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Thought Leaders in Cloud Computing: Ken Stephens, Senior Vice-President of Cloud Services, Xerox (Part 4)

Posted on Thursday, Feb 23rd 2012

Sramana Mitra: That’s where I think Salesforce.com has been extremely successful.

Ken Stephens: Yes, but do you think Salesforce.com is going to become a major player at the platform?

SM: Yes, I do.

KS: Do you? I hesitate on that. The Salesforce application is great, but in terms of the platform for others to develop on . . .  I know they’ve been somewhat successful, but I would not say they’re taking the industry by storm.

SM: But the whole platform as a service market has not taken the industry by storm.

KS: That’s true. But Greenplum’s out there.

SM: How big is Greenplum right now?

KS: I don’t know the answer to that.

SM: I’ll give you examples of why I think Salesforce.com has done has some power. I spoke with a company – probably three, four years ago – a little company that was just starting out in the contract management software space. It was just starting out, and the principals of the company, the entrepreneurs, had a lot of deep domain knowledge in the contract management software space. But they did  a venture-funded startup, before this new company, called Apptus. In the previous company, they raised a huge amount of venture capital, and eventually the company didn’t work. If you have to give a return on investment on that much capital, especially when the market was rather slow – the IT market was very slow in the early to mid-2000s – that venture-funded company didn’t really work out. But Apptus built the same kind of capability but on top of Force.com. Then they used Salesforce.com’s App Exchange to market their solution. These guys are going gangbusters.

The reason that’s an interesting case study is because they could not have done what they were able to do without the Salesforce.com framework. So, if you are trying to bring a new application to market today as an entrepreneur, and you go on top of Salesforce.com’s or Azure’s or anybody else’s platform as a service backbone and use their ecosystem to market yourself, that is a powerful model.

KS: I agree, but there are examples of companies that have done the same thing on Google’s Apps engine as well as on Azure.

SM: That’s what I’m saying. It’s basically one of the platform as a service vendors that’s going to get your business if that’s the direction you want to go. Mostly, it’s not capital efficient to reinvent the wheel on the entire cloud stack. You want to ride on somebody’s platform and save the cost of that.

KS: That’s why I say that’s where the war’s going to be fought. Whoever wins in the platform space is going to get the apps developers. And whoever gets the apps developers is going to get a big chunk of the business.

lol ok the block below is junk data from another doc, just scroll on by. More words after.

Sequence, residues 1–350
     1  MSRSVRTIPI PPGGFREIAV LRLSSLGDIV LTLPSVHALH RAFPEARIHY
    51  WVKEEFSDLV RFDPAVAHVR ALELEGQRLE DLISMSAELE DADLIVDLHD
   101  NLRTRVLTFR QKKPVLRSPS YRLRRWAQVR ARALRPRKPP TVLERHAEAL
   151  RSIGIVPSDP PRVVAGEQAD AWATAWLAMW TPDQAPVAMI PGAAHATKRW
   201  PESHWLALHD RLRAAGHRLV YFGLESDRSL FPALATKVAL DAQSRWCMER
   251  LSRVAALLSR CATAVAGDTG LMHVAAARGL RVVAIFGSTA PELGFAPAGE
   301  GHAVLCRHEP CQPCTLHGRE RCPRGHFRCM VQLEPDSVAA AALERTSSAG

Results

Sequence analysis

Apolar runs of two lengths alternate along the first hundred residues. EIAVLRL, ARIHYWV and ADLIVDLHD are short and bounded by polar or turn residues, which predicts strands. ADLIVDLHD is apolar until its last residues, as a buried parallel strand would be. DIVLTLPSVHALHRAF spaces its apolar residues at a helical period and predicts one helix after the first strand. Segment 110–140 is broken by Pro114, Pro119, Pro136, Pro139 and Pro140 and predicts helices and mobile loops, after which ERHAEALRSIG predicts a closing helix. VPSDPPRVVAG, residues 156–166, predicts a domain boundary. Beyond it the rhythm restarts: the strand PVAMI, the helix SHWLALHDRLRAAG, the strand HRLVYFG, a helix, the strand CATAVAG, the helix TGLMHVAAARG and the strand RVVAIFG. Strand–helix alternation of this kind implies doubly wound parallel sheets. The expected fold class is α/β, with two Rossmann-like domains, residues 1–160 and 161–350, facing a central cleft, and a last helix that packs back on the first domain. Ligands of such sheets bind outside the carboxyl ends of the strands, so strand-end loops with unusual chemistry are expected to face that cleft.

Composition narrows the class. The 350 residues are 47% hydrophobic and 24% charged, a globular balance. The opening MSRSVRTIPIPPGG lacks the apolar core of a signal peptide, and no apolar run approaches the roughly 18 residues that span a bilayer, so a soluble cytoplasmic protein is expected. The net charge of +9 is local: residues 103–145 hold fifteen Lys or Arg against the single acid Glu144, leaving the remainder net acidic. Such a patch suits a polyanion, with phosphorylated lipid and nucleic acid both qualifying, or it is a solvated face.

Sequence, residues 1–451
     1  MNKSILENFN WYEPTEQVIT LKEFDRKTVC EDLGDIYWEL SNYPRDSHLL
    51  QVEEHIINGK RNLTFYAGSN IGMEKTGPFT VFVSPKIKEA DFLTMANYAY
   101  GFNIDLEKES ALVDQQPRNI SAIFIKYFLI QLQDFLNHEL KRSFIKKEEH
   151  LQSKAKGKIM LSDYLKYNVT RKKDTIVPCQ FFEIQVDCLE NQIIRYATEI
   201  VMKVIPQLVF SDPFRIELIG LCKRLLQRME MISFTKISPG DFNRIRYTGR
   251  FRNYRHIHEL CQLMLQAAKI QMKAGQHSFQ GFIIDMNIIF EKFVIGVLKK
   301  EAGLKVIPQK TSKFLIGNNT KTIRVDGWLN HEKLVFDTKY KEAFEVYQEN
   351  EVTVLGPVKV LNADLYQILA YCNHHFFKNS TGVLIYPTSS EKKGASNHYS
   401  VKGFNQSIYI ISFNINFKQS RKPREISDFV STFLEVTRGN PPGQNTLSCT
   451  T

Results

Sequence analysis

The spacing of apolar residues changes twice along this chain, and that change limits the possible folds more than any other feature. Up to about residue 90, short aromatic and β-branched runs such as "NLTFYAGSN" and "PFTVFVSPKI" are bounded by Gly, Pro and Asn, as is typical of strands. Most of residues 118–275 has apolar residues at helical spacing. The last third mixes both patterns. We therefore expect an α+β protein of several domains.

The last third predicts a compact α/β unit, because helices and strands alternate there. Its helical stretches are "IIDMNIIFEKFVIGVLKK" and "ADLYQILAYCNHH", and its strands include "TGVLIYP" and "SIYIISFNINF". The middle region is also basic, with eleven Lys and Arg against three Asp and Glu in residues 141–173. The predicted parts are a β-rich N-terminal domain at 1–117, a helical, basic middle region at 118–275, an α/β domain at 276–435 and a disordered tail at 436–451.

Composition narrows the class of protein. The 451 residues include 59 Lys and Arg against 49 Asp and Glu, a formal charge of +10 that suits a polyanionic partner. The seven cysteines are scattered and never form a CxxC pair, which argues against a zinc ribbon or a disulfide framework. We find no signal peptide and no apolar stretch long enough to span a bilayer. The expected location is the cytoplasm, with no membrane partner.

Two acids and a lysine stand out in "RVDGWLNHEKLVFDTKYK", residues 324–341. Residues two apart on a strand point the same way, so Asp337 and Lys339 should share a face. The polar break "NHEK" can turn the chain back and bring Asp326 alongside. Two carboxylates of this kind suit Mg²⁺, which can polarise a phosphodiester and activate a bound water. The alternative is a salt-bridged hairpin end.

SM: The entire downstream value chain is going to be going the same way in that the apps developers will be acquired by one company or another, and the scaling will happen within that company. I think where we are today is at the beginning of the platform as a service phenomenon.

KS: I agree. That’s the market that I’m watching closely because in the end – and I tend to lean toward Microsoft’s Azure, but they have a real issue there – that market is still very new and could go in a number of different ways.

SM: Yes, I think Azure can, as long as it’s not in the legacy accounts, as a basis for building new applications, I don’t see a problem with Azure as a platform as a service option.

KS: Agreed.

SM: I don’t think Microsoft has any conflict with its legacy customer base when it comes to developing applications on Azure. I do think Microsoft is going to get a large portion of that business.

KS: I don’t think it’s for new apps that I’m referring to, but the legacy apps that they’re going to want to port over. That’s where they have to look and ask if they want to port it to Azure or if they want to port over to a Google Apps engine? I think they’re all going to move to Azure.

SM: OK. I see where you’re going. You’re talking about the legacy apps that are sitting inside of enterprises and being forwarded over from legacy platforms to the cloud, basically, based on one of the platform as a service options. And you see that business going to Azure mostly?

KS: Yes. I’m not really a gambler, but if I were to bet, that’s where I would bet. But that’s not a sure thing.

This segment is part 4 in the series : Thought Leaders in Cloud Computing: Ken Stephens, Senior Vice-President of Cloud Services, Xerox
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